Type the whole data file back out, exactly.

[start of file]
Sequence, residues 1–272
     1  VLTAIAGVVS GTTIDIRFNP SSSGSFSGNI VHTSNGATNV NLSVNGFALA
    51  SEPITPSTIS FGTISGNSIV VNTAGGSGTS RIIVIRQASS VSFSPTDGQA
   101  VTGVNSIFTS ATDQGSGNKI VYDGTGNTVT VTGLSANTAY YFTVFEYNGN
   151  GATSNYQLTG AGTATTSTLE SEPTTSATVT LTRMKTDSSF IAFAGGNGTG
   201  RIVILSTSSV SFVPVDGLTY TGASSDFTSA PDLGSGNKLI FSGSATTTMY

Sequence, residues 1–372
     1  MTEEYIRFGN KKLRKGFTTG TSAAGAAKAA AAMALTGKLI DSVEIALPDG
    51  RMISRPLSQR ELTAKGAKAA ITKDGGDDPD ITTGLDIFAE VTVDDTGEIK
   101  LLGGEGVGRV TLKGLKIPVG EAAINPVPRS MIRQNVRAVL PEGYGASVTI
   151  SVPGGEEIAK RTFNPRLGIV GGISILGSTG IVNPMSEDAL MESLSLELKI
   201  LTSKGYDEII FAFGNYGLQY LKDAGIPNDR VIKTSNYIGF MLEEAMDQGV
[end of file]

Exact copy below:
Sequence, residues 1–272
     1  VLTAIAGVVS GTTIDIRFNP SSSGSFSGNI VHTSNGATNV NLSVNGFALA
    51  SEPITPSTIS FGTISGNSIV VNTAGGSGTS RIIVIRQASS VSFSPTDGQA
   101  VTGVNSIFTS ATDQGSGNKI VYDGTGNTVT VTGLSANTAY YFTVFEYNGN
   151  GATSNYQLTG AGTATTSTLE SEPTTSATVT LTRMKTDSSF IAFAGGNGTG
   201  RIVILSTSSV SFVPVDGLTY TGASSDFTSA PDLGSGNKLI FSGSATTTMY

Sequence, residues 1–372
     1  MTEEYIRFGN KKLRKGFTTG TSAAGAAKAA AAMALTGKLI DSVEIALPDG
    51  RMISRPLSQR ELTAKGAKAA ITKDGGDDPD ITTGLDIFAE VTVDDTGEIK
   101  LLGGEGVGRV TLKGLKIPVG EAAINPVPRS MIRQNVRAVL PEGYGASVTI
   151  SVPGGEEIAK RTFNPRLGIV GGISILGSTG IVNPMSEDAL MESLSLELKI
   201  LTSKGYDEII FAFGNYGLQY LKDAGIPNDR VIKTSNYIGF MLEEAMDQGV